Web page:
August 17, 2020

Who is Qualified to Teach a Class on Atheism?

pencil sharpener

Suppose a public high school in the United States decided to offer a class on Islam and was careful to design it in such a way that it presented factual content and not pro- or anti-Islam material. Depending on where this school was located, I suspect many of the local Christians would be outraged. Additionally, I suspect that they would be outraged no matter who was teaching the course, as long as they thought it was presenting Islam as anything but a false religion.

Now suppose that instead of Islam, this same high school decided to offer a class on Christianity. I suspect many of the local Christians would be thrilled until they realized that the class was taught by a Muslim, a Jew, a Catholic, an atheist, or anyone else they perceived as being unlikely to teach the class in such a way that it promoted Christianity as more valid than other religions. That is to say, they'd probably not welcome anything less than pro-Christian content taught by someone they considered a real Christian or at least the right kind of Christian.

Aside from the ever-present subject of religious intolerance, this raises some interesting questions. Who would be qualified to teach a class on Islam or Christianity? Must we have a practicing Muslim or Christian, or would someone who studied Islam or Christianity without ever adhering to it be acceptable? If this was a public school and we truly wanted to have the course taught in an objective way that did not favor any one religion over others, might we be best served by having an atheist teach it?

And while I realize that this is a bit of a detour, who would be qualified to teach a class on atheism? Would we insist that it had to be an atheist, or would we accept a religious believer who had studied atheism? I would accept a religious believer who had studied atheism, but I am suspicious that I might not have a lot of company among atheists.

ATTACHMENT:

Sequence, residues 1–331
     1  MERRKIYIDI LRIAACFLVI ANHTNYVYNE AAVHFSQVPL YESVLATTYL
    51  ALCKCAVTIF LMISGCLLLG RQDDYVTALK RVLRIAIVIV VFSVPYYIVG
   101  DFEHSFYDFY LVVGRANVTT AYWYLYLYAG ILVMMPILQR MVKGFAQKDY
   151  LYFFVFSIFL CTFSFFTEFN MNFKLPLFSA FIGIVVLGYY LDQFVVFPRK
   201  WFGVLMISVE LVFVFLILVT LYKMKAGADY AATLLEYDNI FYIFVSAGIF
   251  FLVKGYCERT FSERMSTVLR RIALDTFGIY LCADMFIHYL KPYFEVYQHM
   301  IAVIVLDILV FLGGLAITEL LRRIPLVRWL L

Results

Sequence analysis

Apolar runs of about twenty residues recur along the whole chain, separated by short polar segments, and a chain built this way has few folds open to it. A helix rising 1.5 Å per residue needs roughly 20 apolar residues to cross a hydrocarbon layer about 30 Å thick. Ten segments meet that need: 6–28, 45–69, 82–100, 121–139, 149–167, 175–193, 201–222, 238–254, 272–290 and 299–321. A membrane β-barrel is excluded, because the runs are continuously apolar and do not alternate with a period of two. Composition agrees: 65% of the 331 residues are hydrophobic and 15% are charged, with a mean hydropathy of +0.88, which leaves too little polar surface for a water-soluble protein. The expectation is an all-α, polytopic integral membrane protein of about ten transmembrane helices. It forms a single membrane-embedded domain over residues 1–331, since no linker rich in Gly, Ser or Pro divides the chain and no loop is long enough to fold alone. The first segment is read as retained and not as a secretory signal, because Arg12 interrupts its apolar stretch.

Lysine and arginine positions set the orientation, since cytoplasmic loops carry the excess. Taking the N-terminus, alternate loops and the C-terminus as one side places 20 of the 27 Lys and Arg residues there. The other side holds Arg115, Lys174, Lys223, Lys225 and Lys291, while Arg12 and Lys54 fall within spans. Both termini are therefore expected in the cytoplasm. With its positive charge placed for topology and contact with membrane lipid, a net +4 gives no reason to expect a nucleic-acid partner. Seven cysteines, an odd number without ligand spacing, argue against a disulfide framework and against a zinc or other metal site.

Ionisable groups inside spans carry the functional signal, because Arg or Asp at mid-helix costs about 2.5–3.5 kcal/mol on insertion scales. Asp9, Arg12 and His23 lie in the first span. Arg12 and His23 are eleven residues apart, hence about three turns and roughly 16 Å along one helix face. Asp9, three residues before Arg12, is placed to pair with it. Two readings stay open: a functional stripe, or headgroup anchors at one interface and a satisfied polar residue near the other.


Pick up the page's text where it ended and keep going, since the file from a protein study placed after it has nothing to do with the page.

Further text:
Now that I think about it, maybe raising this issue isn't such a detour after all. Since atheism does not include any sort of belief system or worldview, there isn't anything an atheist has to believe. The atheist simply lacks belief in gods. And so, it wouldn't seem to make much sense to say that only an atheist would be qualified to teach a class on atheism. Why would believing in gods prevent a religious person from being able to understand atheism? In the same say, why would not believing in gods prevent an atheist from being able to understand Islam or Christianity? I don't think it would unless what we are really after is much closer to indoctrination than education.

Atheist parents of children attending a school where a religious believer was teaching a class on atheism might be concerned that the teacher would really present an unbiased view of atheism. Given how much experience they've had with religious bigotry, this concern seems justified. Religious parents of children attending a school where an atheist was teaching a class on their preferred religion might be concerned that the teacher would really present an unbiased view of their religion. Given how many atheists feel about religion, this concern seems justified too. Then again, I suspect that the greater concern among religious parents would be that their religion would not be afforded the respect they think it deserves. Objectivity and neutrality are not generally what they are looking for, at least not when it comes to their religion.

Atheism does not involve faith of any sort, and this frees atheist parents up to be okay with a religious believer teaching about atheism as long as that religious believer sticks to the facts and does not push their religion (or religiosity in general) as the superior alternative to atheism. Most religions are dependent on faith, and this traps religious parents in paranoia over the possibility that an atheist teacher might stick to the facts. After all, facts are not conducive to faith.